NetSol Technologies Inc. said that it received notice that it has regained compliance for continued listing on the Nasdaq.
Walt Disney Co’s ESPN unit has reached a $5.6 billion deal with Major League Baseball giving it television, radio and digital programming rights for an additional eight years.
Local medical marijuana proponents are expected to announce Wednesday that they have gathered enough signatures for a referendum that would overturn the L.A. City Council’s ban on medical marijuana stores.
L.A. Airport Traffic Rises Slightly… Salem Buys Church Media Company… NetSol Regains Nasdaq Compliance.
In Tuesday trading, the Dow Jones Industrial Average closed down 22 points, or less than 1 percent, to 13,102. The Nasdaq rose less 4 points, or less than 1 percent, to 3,077. The S&P 500 fell 1 point, or less than 1 percent, to 1,409. The LABJ Stock Index was unchanged at 137.
Walt Disney Co. Chief Executive Robert Iger says the success of his studio’s superhero film "The Avengers" and record theme-park turnout this summer are less a seasonal blip and more the result of savvy long-term investments, the Wall Street Journal reports.
Coda Automotive, the start-up Los Angeles electric car company, said it started to sell its $37,250 car in March but has been mum about sales figures. The Los Angeles Times reports that one reason may be the need to recall some cars for airbag problems.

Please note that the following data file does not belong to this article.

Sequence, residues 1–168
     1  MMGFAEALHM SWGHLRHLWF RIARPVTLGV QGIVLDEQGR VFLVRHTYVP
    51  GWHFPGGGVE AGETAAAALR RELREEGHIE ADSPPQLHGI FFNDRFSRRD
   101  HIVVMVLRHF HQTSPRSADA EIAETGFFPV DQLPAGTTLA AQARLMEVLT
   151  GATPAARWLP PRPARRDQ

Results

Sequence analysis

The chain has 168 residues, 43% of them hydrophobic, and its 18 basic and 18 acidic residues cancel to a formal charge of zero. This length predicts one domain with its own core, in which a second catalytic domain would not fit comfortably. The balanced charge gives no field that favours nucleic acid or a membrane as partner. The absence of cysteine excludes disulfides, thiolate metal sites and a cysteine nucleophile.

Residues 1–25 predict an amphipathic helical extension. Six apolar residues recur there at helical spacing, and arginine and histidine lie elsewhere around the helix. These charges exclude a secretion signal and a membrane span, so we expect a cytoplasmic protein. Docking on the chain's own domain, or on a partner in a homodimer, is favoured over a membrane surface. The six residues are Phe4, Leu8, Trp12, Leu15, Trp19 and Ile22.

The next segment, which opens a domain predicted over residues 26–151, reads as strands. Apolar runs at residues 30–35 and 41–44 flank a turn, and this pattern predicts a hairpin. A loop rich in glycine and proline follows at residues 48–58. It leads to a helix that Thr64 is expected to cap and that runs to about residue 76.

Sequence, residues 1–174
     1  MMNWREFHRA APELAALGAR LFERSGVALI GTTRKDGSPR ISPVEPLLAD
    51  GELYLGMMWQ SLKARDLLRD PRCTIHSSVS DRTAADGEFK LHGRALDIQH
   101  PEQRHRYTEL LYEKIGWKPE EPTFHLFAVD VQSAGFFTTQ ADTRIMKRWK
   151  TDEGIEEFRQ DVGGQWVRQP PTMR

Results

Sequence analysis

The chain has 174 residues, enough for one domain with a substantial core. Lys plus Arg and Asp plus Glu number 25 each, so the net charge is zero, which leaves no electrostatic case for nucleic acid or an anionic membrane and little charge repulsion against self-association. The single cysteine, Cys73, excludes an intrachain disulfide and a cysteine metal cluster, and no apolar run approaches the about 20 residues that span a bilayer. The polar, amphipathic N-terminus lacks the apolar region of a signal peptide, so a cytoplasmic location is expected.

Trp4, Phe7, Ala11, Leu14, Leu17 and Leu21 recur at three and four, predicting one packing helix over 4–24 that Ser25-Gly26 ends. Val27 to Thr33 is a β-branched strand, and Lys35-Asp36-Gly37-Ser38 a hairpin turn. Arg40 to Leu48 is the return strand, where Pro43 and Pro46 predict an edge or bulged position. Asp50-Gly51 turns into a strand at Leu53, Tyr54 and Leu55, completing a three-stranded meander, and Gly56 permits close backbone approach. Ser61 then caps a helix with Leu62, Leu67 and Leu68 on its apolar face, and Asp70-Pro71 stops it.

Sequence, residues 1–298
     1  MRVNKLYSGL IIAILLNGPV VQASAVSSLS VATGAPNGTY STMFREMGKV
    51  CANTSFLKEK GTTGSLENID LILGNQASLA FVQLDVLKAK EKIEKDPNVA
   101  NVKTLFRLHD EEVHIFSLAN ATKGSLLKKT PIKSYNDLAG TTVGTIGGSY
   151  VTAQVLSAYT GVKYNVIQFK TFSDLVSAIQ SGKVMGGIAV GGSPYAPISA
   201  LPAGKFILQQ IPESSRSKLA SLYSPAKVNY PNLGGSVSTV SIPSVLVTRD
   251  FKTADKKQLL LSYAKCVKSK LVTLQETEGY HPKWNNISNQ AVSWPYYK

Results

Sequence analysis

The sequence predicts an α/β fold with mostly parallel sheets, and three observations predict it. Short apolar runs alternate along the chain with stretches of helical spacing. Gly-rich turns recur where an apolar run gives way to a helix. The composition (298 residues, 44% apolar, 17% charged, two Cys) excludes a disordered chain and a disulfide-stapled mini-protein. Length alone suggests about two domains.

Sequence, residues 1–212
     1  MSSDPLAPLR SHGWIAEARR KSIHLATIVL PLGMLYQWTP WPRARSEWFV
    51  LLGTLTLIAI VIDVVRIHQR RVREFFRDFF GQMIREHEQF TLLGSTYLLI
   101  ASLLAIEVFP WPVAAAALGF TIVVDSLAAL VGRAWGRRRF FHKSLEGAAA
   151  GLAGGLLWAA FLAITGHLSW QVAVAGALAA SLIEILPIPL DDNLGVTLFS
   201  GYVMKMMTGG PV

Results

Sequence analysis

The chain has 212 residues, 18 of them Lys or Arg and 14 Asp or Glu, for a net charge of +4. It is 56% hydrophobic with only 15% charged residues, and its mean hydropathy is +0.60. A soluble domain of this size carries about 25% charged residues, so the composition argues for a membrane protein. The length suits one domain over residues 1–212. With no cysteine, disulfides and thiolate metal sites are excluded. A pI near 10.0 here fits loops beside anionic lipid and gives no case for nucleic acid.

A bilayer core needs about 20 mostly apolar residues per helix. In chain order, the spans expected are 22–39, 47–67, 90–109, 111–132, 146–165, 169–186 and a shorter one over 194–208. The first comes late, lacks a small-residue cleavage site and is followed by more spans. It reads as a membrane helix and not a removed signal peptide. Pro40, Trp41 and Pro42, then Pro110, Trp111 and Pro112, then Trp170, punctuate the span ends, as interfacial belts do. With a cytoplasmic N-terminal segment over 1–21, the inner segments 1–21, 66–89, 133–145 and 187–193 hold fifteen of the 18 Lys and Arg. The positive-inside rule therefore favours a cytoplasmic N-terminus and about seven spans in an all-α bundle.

Samsung Electronics Co. vows to fight Apple Inc.'s attempt to ban the sale of some of its smartphones in the United States with "all necessary measures," the Wall Street Journal reports.
The Federal Deposit Insurance Corp. said that the American banking industry’s earnings continued to rise in the second quarter as banks set aside less money to guard against losses, the New York Times reports.
Los Angeles, the nation’s No. 2 media market, has been without a team in the No. 1 sport since 1995. But the Los Angeles Times reports that despite recent rumblings, don't hold your breath.
Cameron and Tyler Winklevoss, who won a $65 million settlement with Facebook Chief Executive Mark Zuckerberg over their role in founding the social networking service, reportedly have purchased a house in the Hollywood Hills and plan to open a local office of their New York investment firm Winklevoss Capital, according to reports at TMZ.com and SoCalTech.com.
The Standard & Poor’s Case Shiller composite index of 20 metropolitan areas says single-family home prices in the United States gained in June in what could be a sign of improvement in the housing market, the New York Times reports.
There are a few online sites that may offer iPhone 4 users enough money to pay for a new iPhone 5, the Los Angeles Times reports.